After weeks of speculation, the board that monitors Nassau County, N.Y.'s fiscal condition did not take over its finances last week. Instead, the Nassau County Interim Finance Authority asked for additional budget information by Jan. 20 before it would take any action.

"Clearly, the Legislature and I adopted a balanced, no-property-tax-increase budget and have the contingencies needed to protect taxpayers from any deficit," County Executive Edward Mangano said in a statement following a NIFA meeting Thursday. "I will continue to cooperate with NIFA by providing them the information needed to verify the budget is balanced for next year."

Mangano had spoken to the board earlier in the day and asked it to allow the county to manage its own finances.

NIFA said in a September report that Mangano's proposed $2.6 billion 2011 budget was not balanced. The authority identified $234.4 million of risks in the proposed spending plan. The county Legislature subsequently enacted the budget, which counts in part on union concessions that are under negotiation and the sale of bonds to pay for tax certiorari liabilities, a practice NIFA has long criticized.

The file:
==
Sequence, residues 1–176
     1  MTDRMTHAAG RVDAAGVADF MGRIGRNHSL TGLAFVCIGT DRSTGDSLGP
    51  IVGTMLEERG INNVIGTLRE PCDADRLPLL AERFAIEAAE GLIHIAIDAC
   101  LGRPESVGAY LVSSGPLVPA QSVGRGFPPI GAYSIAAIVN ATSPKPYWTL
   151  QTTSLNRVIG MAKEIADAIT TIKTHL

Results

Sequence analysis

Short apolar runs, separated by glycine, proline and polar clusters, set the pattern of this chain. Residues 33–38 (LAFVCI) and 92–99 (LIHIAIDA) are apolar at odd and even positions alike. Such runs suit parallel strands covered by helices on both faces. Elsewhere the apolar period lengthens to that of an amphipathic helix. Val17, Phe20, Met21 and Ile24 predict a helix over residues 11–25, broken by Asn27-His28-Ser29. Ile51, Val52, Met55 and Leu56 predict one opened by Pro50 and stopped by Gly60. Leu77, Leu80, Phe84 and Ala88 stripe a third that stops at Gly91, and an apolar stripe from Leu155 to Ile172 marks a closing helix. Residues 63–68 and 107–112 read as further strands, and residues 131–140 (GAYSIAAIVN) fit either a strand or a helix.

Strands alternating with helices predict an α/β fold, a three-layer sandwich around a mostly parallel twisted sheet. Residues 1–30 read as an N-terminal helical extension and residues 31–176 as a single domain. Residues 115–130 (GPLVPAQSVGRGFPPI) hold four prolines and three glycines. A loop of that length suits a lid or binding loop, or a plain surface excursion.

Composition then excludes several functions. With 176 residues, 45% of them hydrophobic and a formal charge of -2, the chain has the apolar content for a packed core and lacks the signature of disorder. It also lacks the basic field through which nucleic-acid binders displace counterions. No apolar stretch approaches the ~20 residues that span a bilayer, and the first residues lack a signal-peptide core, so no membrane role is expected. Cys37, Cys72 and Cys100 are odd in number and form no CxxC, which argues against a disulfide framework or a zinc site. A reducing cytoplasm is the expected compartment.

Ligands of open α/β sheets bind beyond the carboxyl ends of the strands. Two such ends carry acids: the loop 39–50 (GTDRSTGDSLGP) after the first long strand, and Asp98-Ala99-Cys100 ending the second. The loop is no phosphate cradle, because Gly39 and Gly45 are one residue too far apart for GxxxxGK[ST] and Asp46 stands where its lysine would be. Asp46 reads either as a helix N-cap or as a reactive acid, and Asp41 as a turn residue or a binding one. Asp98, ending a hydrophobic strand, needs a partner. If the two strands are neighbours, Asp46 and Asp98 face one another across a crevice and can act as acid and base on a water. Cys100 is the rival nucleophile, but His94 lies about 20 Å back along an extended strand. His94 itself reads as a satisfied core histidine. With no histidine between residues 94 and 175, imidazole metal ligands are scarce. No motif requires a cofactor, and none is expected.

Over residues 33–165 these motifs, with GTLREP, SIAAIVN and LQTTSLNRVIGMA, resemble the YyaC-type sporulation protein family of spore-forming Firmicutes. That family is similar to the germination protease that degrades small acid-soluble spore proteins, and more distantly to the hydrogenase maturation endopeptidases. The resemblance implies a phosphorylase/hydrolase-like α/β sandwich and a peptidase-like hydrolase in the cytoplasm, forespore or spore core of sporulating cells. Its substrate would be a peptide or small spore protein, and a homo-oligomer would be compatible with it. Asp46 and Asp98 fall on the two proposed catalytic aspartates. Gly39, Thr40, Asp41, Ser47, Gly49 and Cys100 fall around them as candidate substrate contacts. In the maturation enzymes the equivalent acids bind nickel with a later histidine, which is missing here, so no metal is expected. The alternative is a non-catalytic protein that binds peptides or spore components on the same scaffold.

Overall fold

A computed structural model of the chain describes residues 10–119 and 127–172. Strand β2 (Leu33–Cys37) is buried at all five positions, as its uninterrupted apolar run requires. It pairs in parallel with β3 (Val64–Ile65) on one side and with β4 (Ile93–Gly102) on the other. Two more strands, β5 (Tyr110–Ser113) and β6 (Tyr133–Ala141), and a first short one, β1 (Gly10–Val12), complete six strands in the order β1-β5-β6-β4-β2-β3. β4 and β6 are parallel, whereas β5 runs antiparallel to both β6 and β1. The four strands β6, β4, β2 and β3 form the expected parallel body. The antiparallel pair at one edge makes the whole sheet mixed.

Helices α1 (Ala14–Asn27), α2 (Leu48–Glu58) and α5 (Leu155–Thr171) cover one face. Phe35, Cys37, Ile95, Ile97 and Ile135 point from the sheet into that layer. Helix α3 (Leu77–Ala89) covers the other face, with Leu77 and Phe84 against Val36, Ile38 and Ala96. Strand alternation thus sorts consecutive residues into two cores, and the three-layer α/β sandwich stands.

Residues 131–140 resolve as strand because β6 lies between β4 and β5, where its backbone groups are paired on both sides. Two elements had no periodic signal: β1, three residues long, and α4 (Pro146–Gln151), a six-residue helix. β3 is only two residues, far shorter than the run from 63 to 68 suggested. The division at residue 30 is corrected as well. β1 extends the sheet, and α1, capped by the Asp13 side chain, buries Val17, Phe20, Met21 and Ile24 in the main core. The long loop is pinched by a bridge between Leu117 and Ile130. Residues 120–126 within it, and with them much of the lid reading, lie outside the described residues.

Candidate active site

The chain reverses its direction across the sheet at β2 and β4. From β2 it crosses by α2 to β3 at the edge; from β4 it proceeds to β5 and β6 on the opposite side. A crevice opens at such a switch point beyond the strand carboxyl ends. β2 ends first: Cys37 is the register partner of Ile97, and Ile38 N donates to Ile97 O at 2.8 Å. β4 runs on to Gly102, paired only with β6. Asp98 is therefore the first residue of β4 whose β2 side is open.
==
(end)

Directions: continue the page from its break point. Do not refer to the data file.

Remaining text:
New York created NIFA in 2000 to issue bonds and oversee county finances at a time of fiscal crisis. It has never implemented a control period and no longer has the authority to issue new-money bonds.

The authority retained former New York Court of Appeals Chief Judge Judith Kaye, who is now of counsel at Skadden, Arps, Slate, Meagher & Flom LLP, to review NIFA's statutory authority, which includes implementing a control period to take over the county's finances. Such a takeover requires certain conditions to be met, such as a default on debt-service payments, incurring a 1% operating deficit, and violating the statute that created NIFA in a way that would impair the marketability of the county's bonds or notes.

Moody's Investors Service in November downgraded the suburban Long Island county's general obligation debt to A1 from Aa3. Moody's retained a negative outlook on the credit, citing weak liquidity and increased dependence on non-recurring revenue.

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